An Old State Reforged, and States We Have Lost

A while back on here I did a quick review of the core book and major supplements for a/state. OK, apparently strictly speaking it’s a|state, but a/state fits the style of presentation on here better – it aesthetically bugs me that the horizontal line in a|state doesn’t slant when typed in italics, and I’m damned if I’m giving up my use-italics-for-game-titles convention this deep into this blog. Either way, the title translates to “we want to make it harder to Google about our product”.

Anyway, however you type it a/state was an example of the well-worn “nice setting, shame about the product line” phenomenon. You know the sort of thing – a game where the unusual setting is the main draw, but ends up being insufficiently niche in its appeal to support the sort of follow-up which its publishers were clearly envisaging. Empire of the Petal Throne pioneered this sort of thing in the 1970s, Skyrealms of Jorune did it in the 1980s, Tales of Gargentihr was an example from the 1990s, a/state did it in the 2000s; I am sure you can imagine other examples.

It’s often the case, with this sort of game, that the people behind it were clearly planning to put out way more material but the game’s success simply wasn’t of a level to make it viable. Empire of the Petal Throne and various subsequent Tekumel games had products coming out in fits and starts, but never a sustained period of consistent releases. (Thanks to M.A.R. Barker having been exposed as a closet fascist who wrote a neo-Nazi novel for National Vanguard under a pseudonym and was closely involved with a leading Holocaust denial journal, it is deeply unlikely it’ll ever revive.) Jorune got a trickle of supplements and the occasional new edition, and even managed to get a videogame adaptation (Alien Logic), but on a commercial level is now pretty dead – there’s an online fandom still, but it doesn’t seem to be a large or especially active one. Gargentihr managed to get its core book out, and apparently there was an adventure distributed in PDF format on floppy disk at some cons, but then vanished into the ether.


a/state would experience this same sort of tepid impact. A few supplements trickled out for it – but only a fraction of those planned. (You can get a picture of the product line they had mapped out because they’d printed it the back of the 1st Edition rulebook.) I actually ran a campaign using it, but I’m fairly sure that puts me in a select few. The main strength of the game was the fact that its setting was at once strikingly vivid and enigmatic, but at the same time had enough touchstones to make it easy for players to get to grips with; unlike Jorune or Gargentihr or Tekumel, there wasn’t a mass of unusual terminology, which is the sort of thing which might be flavourful when you are reading a setting description but is a barrier to actual play, because your players are trying to visualise the world through the referee’s verbal descriptions and if those include a lot of unfamiliar terms that makes it harder to picture what’s going on. The actual presentation of factions and locations in the rulebook and supplements was also noteworthy.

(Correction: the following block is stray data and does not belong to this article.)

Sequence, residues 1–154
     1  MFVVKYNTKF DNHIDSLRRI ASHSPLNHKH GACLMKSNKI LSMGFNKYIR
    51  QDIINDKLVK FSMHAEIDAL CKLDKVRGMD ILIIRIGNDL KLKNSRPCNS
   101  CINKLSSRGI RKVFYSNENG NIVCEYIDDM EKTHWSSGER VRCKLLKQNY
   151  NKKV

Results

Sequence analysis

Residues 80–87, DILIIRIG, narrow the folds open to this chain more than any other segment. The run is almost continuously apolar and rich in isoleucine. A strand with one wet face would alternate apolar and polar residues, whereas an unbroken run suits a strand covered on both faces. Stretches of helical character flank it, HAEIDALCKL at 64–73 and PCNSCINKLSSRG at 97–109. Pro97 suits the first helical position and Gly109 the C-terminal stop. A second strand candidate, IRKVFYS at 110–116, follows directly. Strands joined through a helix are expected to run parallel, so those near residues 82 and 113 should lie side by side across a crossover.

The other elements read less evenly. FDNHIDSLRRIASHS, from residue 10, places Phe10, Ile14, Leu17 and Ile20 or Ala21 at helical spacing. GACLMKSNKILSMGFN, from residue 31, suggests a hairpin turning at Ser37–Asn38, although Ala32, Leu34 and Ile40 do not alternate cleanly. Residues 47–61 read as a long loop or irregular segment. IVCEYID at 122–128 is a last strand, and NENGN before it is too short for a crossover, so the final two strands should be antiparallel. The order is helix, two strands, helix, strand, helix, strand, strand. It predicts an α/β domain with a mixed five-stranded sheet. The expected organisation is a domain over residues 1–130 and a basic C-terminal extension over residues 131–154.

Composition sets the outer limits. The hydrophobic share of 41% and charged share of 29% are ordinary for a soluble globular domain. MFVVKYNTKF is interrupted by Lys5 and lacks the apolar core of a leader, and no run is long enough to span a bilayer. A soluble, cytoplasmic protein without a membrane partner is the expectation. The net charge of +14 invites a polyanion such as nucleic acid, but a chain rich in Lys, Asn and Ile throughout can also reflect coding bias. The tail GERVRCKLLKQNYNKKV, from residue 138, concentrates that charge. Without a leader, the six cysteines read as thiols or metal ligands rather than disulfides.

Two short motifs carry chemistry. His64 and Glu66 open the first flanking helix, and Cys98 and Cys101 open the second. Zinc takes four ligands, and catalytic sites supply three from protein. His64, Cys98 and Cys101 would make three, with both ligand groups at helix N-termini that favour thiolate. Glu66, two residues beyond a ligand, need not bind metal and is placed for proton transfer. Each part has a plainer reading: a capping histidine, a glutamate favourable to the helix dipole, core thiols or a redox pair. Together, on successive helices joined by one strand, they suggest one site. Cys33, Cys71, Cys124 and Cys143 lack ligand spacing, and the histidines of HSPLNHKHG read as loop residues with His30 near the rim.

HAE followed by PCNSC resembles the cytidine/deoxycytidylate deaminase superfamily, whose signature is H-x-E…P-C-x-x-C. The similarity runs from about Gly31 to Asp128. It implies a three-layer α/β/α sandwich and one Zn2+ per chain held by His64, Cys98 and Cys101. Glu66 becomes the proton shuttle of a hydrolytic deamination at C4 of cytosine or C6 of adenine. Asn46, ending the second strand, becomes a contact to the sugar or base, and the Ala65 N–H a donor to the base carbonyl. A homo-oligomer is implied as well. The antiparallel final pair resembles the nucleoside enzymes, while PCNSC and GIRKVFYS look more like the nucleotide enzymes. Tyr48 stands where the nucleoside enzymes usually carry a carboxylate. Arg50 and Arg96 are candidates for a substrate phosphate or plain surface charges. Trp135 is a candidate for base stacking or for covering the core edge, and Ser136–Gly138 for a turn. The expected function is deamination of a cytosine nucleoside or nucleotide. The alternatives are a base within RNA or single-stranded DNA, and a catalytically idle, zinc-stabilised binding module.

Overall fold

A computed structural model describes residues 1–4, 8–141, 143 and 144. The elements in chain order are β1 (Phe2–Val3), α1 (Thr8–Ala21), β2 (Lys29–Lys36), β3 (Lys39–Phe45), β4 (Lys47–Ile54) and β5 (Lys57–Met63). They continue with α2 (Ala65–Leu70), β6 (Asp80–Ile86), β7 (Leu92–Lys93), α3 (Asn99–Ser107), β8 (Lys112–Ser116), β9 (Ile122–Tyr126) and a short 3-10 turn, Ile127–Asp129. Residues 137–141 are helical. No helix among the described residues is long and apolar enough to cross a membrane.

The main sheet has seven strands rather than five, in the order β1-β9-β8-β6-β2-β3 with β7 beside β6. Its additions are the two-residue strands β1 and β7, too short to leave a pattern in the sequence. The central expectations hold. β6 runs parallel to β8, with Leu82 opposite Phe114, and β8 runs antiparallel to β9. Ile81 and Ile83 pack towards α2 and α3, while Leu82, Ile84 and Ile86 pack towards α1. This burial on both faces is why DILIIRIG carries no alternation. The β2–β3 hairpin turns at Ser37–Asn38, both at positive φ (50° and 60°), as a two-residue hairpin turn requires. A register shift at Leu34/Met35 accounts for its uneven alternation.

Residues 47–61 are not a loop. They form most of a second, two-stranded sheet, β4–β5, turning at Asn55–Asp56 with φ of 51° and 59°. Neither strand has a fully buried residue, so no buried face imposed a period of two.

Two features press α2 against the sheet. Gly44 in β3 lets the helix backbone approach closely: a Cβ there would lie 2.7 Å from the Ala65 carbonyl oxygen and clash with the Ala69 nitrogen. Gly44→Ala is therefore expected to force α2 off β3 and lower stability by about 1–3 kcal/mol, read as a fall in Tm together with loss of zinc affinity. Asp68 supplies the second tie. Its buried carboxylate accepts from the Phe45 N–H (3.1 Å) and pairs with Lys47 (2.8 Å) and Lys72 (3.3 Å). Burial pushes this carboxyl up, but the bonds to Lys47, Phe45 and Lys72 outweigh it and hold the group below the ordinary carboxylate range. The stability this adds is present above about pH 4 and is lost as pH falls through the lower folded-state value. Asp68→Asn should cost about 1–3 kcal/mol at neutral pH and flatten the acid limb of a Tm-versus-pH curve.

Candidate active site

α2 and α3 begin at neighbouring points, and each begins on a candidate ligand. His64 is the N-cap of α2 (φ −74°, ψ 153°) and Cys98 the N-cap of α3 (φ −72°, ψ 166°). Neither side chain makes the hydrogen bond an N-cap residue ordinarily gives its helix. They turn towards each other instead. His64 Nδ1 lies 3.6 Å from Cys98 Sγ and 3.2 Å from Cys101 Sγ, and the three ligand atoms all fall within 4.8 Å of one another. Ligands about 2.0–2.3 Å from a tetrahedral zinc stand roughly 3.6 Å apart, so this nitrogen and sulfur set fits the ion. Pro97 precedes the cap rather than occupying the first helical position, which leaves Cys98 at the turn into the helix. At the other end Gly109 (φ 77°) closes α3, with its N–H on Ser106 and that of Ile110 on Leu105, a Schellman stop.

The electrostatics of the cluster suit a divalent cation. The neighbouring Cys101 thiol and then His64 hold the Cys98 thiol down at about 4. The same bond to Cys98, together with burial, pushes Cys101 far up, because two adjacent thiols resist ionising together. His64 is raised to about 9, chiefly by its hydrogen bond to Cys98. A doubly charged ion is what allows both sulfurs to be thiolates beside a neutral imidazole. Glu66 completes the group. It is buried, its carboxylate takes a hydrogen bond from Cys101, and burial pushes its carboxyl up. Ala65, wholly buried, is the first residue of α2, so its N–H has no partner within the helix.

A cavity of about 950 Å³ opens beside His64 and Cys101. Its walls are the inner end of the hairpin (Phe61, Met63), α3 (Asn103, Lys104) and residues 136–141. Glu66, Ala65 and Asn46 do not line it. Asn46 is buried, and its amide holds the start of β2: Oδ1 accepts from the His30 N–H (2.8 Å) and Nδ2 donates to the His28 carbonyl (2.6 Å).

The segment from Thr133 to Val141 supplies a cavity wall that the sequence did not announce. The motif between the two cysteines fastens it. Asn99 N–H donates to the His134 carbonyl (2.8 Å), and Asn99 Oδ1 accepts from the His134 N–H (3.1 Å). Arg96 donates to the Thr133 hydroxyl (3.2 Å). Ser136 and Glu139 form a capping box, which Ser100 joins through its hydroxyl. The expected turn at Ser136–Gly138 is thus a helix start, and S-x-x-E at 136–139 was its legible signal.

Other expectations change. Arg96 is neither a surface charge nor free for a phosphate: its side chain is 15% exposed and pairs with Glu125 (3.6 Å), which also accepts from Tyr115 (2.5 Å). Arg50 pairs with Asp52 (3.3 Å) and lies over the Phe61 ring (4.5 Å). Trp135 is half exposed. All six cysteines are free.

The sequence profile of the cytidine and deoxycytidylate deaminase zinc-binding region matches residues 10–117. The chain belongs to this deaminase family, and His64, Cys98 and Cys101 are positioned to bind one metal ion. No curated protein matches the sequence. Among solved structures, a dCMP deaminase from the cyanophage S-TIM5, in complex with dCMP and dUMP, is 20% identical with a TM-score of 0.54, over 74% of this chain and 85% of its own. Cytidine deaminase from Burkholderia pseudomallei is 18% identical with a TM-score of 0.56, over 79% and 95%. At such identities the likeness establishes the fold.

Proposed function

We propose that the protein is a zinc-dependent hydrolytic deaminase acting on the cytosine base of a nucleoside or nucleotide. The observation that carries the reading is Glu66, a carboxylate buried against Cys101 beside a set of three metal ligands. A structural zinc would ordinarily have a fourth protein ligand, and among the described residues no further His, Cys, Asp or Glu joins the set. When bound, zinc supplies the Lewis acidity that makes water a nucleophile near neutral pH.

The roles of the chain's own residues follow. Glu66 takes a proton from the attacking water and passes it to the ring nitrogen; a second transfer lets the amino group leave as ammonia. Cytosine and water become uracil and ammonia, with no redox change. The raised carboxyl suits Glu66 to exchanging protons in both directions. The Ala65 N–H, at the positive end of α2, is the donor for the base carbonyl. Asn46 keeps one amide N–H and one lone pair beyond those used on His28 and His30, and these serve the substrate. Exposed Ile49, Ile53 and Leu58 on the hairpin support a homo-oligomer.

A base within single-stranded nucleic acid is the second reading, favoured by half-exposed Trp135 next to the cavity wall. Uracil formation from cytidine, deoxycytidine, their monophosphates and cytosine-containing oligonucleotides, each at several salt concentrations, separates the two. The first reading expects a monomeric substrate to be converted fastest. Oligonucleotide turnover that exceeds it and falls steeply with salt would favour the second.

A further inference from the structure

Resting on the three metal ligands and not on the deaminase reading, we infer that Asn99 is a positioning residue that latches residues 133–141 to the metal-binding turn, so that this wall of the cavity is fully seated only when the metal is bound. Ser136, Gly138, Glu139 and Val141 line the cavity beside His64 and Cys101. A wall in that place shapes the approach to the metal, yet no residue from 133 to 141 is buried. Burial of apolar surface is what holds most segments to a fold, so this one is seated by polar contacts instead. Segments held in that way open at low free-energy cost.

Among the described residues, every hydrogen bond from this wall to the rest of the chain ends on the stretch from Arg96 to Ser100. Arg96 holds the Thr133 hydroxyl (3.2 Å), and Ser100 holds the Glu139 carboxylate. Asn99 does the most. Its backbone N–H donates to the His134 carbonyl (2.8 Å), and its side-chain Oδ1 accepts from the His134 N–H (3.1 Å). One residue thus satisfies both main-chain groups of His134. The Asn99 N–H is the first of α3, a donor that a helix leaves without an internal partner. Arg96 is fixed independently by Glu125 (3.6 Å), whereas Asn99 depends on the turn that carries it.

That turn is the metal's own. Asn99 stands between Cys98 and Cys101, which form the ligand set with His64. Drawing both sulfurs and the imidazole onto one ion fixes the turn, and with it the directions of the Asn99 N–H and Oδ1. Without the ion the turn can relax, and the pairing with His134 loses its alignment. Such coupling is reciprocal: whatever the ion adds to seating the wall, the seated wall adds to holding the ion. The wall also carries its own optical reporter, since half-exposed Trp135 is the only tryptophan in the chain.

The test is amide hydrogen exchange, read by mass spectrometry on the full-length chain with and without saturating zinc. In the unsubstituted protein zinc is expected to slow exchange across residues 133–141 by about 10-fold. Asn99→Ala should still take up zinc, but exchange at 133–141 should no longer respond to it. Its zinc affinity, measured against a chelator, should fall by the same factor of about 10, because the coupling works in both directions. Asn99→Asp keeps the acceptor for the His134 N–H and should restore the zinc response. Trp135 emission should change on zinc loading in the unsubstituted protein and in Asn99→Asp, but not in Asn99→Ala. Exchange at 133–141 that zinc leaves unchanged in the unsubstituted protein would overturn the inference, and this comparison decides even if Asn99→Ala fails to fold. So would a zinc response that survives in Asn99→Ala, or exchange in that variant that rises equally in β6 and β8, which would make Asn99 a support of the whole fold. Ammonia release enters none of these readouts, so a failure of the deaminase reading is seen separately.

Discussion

There’s many reasons why an RPG might fail to make the hoped impact on the market; bad business decisions, poor distribution, and over-optimism about how much you’re actually going to sell can all come into play. For Contested Ground Studios, the original publishers, to get a brand-new non-D20 RPG into the conventional distribution channels in the mid-2000s – I picked up a/state at my local RPG shop and it didn’t seem to have been specially ordered in – was pretty good going. On the other hand, Gargentihr got into those distribution channels and then sank like a stone. I don’t know how a/state fared commercially, but I guess the answer is “not well enough to support the intended product line, not badly enough to kill Contested Ground”, because they did put out a few other games after a/state before head honcho and a/state creator Malcolm Craig dropped out of the industry.

However, setting aside the potential business reasons why the 1st Edition of a/state didn’t become a big critical and commercial hit, I’d say there were two big millstones around the original version of the game which would have been a problem for it, even if it had been put out by a major publisher. The first issue was that the system simply wasn’t up to much. It’s not that it was outright incompetent – it’s just there was absolutely nothing special about it whatsoever, to the point where the only thing which was memorable about was “it’s too fiddly in some respects”. In the midst of the OGL boom, when there was ample opportunity for using other people’s systems to get your game out there, it felt like a system which existed solely for the purpose of giving the game its own bespoke way of doing things, rather than because there was a particular vision for what this system would do which was better than any of the generic systems out there.